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“Bite-Size Bits of Local, National, and Global History”
“Bite-Size Bits of Local, National, and Global History”
Chantilly in Fairfax County, Virginia — The American South (Mid-Atlantic)
 

The Walney Dairy

The Role of the Dairy at 19th Century Walney

 
 
The Walney Dairy Marker image. Click for full size.
December 23, 2006
1. The Walney Dairy Marker
Inscription. This stone building was the Machen family dairy from about the 1850s until the 1890s. Originally just one room, the dairy was a place to cool milk and to make butter and cheese. Before the Civil War, Caroline Machen made butter and cheese for her family and the farmhands and may have sold any extra to neighbors.

The Civil War, however, changed life at Walney. The land was severely damaged by occupying Confederate and Union armies. After the War, money was scarce, machinery expensive and reliable farm workers were hard to find. It also was difficult for James Machen to compete with inexpensive grain coming from midwestern farms. All of Fairfax County struggled to survive.

James borrowed money from his brother and shifted farm operations from growing mixed grain crops and raising livestock to running dairy cattle. Dairying was a steady cash income — an improvement over seasonal income from grain and beef sales. By 1873 James had 35 cows producing 125 gallons of milk a month, and his customers were no longer his neighbors. Lucrative Washington and Alexandria markets were only 25 miles away. In 1881, James enlarged his dairy to the size you see today and was producing cheese and up to 3,000 pounds of butter a year.

Springhouse versus Dairy: A springhouse is a passive structure where people stored milk and
The Walney Dairy Marker image. Click for full size.
June 15, 2008
2. The Walney Dairy Marker
food. A dairy is an active structure where people worked to turn milk into butter and cheese. Walney’s Dairy was called “the cheese factory” by local residents well into the 20th century.
 
Erected by Ellanor C. Lawrence Park, Fairfax County Park Authority.
 
Location. 38° 51.678′ N, 77° 25.88′ W. Marker is in Chantilly, Virginia, in Fairfax County. Marker can be reached from Walney Road. Touch for map. Marker is located in Ellanor C. Lawrence Park. Marker is at or near this postal address: 5040 Walney Road, Chantilly VA 20151, United States of America.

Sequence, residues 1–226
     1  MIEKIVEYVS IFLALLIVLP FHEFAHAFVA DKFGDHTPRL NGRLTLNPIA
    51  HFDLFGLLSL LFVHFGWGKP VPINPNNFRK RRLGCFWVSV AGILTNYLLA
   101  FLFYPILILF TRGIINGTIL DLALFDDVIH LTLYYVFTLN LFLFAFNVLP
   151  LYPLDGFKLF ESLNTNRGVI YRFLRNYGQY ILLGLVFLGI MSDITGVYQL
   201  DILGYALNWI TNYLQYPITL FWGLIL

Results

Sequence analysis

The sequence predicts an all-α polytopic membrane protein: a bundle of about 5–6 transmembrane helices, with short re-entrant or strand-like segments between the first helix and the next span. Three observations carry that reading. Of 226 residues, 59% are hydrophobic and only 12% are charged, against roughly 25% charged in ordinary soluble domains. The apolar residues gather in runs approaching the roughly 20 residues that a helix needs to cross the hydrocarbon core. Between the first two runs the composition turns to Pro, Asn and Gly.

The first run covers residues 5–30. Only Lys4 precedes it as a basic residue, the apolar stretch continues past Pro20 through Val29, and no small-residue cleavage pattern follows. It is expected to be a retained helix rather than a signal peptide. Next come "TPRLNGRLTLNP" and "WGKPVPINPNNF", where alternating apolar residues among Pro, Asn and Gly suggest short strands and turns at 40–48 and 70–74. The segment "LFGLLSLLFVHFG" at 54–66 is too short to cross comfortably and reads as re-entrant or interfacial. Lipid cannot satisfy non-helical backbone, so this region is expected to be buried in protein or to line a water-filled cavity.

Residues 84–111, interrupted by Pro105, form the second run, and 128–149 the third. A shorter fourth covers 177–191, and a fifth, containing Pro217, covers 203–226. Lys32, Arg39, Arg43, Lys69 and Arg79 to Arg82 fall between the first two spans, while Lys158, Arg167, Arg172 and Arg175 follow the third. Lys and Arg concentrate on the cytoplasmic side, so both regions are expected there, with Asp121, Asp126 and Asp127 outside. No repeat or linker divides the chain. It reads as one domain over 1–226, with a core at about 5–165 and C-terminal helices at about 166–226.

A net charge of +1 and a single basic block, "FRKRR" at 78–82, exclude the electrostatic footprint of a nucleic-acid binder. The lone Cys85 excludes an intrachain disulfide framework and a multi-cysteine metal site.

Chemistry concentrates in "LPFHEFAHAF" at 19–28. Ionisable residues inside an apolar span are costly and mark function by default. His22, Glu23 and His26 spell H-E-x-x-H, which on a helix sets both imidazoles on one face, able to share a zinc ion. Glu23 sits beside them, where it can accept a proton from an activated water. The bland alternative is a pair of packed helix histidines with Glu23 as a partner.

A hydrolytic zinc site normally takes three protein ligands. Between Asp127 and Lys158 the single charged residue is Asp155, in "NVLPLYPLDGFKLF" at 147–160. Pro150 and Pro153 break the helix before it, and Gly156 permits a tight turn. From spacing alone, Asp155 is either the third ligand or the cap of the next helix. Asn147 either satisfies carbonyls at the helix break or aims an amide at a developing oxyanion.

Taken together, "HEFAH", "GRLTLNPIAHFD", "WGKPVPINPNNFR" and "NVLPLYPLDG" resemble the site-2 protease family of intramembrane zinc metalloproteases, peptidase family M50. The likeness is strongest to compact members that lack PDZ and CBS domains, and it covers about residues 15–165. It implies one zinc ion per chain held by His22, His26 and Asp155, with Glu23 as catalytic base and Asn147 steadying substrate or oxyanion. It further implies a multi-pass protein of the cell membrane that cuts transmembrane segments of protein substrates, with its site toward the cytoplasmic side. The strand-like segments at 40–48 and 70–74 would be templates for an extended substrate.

Other nearby markers. At least 8 other markers are within 2 miles of this marker, measured as the crow flies. A different marker also named The Walney Dairy ( here, next to this marker); a different marker also named The Walney Dairy ( a few steps from this marker); Walney House ( about 300 feet away, measured in a direct line); Walney Outbuildings ( about 400 feet away); a different marker also named Walney Outbuildings ( about 400 feet away); a different marker also named Walney Outbuildings ( about 400 feet away); The Cross Farmhouse ( approx. half a mile away); On This Site ( approx. 1.2 miles away). Touch for a list and map of all markers in Chantilly.
 
More about this marker. The marker
The walls of the Dairy Complex image. Click for full size.
June 15, 2008
3. The walls of the Dairy Complex
Where cheese and butter were manufactured.
features two drawings of the stone building—both captioned, "Walney Dairy conceptual drawing by Rob Martin." On the right side of the marker there is a photo of a stone structure captioned, "Springhouse near Lovettsville, VA."
 
Also see . . .  Ellanor C. Lawrence Park. (Submitted on June 16, 2008.)
 
Categories. Agriculture
 
 
Credits. This page was last revised on June 16, 2016. This page originally submitted on June 16, 2008. This page has been viewed 874 times since then and 20 times this year. Photos:   1, 2, 3. submitted on June 16, 2008. • Kevin W. was the editor who published this page.
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